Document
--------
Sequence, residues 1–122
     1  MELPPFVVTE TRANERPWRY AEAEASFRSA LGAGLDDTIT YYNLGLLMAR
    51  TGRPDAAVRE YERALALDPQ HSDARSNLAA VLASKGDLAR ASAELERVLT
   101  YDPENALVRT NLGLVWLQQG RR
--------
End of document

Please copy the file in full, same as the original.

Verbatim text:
Sequence, residues 1–122
     1  MELPPFVVTE TRANERPWRY AEAEASFRSA LGAGLDDTIT YYNLGLLMAR
    51  TGRPDAAVRE YERALALDPQ HSDARSNLAA VLASKGDLAR ASAELERVLT
   101  YDPENALVRT NLGLVWLQQG RR